Oh sure, it's shiny! and new! and free!
But wait, haven't you heard the old line "If you aren't the customer, you are the product"?
Microsoft is using that logic on your new free version of Windows 10 Home.
With all the privacy holes that Microsoft created with Windows 10 I really do feel like I'm watching the movie 1984 where the TVs are watching you - and can never be turned off.
Same thing with the book Fahrenheit 451, but I never saw a movie version of the book that did it justice.
You made the choice to go to Windows 10 because Windows 8.1 bleah. I know, I said the same thing about 8 and 8.1 but I am not at this time going to windows 10 unless I can figure out how to make myself comfortable with it.
I'll let the bugs get worked out, let the hackers figure out how to stop Cortana from watching over my shoulder, and so forth. Maybe when the free year is up, I may take advantage of the Free! Windows 10! Upgrade!
But honestly, probably not. This is being written from Linux and frankly it does everything I need and about twice as fast as Windows 8.1 ever did - on the same machine. Yes, you can do both. I am, but if you are an "end user" or "Mom just surfs the web" user, you probably won't.
Never mind all that. You made your choice. Here's what is happening.
With "old" windows you got windows updates directly from the mothership - Microsoft. It would go out in the middle of the night, download patches, restart your computer, and you wouldn't really know what all happened.
Every so often it would glitch and you'd have to talk to your neighbor's 13 year old who "lives in the basement" to get it fixed, and you'd go back on your way after tossing him a $20.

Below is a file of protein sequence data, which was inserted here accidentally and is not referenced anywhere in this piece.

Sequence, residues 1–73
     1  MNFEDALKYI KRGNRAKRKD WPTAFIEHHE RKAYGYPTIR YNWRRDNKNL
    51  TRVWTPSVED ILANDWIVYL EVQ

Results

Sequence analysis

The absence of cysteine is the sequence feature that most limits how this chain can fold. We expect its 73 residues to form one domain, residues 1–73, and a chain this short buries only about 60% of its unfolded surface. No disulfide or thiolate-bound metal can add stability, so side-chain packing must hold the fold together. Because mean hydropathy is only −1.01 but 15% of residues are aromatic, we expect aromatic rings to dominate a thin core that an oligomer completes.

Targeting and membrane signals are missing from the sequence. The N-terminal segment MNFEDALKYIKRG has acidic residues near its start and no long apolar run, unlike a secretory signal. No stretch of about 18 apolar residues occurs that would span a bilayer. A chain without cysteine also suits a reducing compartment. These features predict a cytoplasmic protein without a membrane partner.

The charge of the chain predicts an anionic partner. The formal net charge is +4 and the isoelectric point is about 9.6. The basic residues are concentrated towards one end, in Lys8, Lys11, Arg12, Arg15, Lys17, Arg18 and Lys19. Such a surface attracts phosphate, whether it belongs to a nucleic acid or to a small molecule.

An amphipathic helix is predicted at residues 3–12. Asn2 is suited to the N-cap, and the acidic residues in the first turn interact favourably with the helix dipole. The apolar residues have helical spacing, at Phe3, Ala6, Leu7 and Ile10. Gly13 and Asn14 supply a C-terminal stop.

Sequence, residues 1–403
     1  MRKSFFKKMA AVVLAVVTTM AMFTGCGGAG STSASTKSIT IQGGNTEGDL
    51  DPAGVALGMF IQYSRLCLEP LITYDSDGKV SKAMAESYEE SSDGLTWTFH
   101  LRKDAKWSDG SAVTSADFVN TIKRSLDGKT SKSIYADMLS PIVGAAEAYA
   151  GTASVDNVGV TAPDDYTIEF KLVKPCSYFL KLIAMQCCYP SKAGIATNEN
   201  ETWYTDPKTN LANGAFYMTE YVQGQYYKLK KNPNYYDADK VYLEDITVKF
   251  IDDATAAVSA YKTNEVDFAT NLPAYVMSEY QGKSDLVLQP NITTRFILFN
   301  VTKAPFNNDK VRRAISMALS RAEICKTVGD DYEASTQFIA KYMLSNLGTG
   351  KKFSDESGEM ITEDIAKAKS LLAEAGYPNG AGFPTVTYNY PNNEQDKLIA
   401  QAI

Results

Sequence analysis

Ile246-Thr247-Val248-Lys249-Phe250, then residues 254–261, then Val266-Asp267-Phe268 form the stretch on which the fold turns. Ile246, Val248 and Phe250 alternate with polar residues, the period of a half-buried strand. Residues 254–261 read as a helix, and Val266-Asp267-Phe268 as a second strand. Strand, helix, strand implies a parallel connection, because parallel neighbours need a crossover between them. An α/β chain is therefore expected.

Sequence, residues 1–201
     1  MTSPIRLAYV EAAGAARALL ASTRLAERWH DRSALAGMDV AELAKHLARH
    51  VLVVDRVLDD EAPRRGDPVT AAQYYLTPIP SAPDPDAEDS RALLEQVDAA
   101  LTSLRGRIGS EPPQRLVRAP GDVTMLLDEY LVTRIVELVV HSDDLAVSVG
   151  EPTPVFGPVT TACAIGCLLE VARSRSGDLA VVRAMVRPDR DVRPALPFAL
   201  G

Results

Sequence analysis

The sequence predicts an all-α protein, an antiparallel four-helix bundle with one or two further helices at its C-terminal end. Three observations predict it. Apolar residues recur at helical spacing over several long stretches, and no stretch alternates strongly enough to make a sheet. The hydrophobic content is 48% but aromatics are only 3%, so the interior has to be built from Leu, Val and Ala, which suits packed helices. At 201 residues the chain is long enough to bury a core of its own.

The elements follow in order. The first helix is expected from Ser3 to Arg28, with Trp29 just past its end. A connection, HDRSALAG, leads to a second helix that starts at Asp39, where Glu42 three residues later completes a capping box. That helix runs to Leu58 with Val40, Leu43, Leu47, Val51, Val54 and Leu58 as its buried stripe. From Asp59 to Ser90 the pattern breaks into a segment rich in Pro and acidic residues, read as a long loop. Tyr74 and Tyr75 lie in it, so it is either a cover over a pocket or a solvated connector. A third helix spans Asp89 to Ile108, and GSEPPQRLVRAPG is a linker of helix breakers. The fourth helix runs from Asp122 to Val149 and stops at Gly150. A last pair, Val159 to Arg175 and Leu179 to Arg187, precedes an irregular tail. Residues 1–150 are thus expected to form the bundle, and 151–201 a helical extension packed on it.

Now Windows 10 Home goes out, grabs the updates from something called a torrent. Basically it's like the old Napster was - grab things from who ever has a piece of it.
Mind you, Torrents can be amazing things. I grabbed my copy of Debian Linux using a torrent.
Here is why you don't want that happening.
It can either slow your computer down (especially if you have an older one) or it can easily slow down your network connection.
Windows Updates now looks on your network for other computers that have Windows 10 and will grab what it needs to assemble the Update, then send it to whoever requests it.
Yeah, I thought it was a bit odd, perhaps heavy handed, too.
So if you made the jump and are happy with Windows 10, Great, but here is how to stop that behavior.
Go to the not-actually-very-obvious Settings → Updates and Security → Advanced options → Choose how you download updates → Get updates from more than one place.
Your choices are:
- Off. Your computer calls home to Microsoft, and gets updates only from there.
- PCs on my local network. WUDO (Windows Update) will "torrent-share" files, but only between computers on your own LAN.
- PCs on my local network and on the internet. You'll potentially get files from, and offer file uploads to, computers anywhere in the world.
The best one for you at home will be the second selection - PC's On My Local Network. It saves you from having all of your PCs using your connection to talk to Microsoft for their updates.
This was adapted from this article at the rather excellent site:
Naked Security from Sophos.
Sophos is well worth an occasional read or a like on Facebook if that's your sort of thing.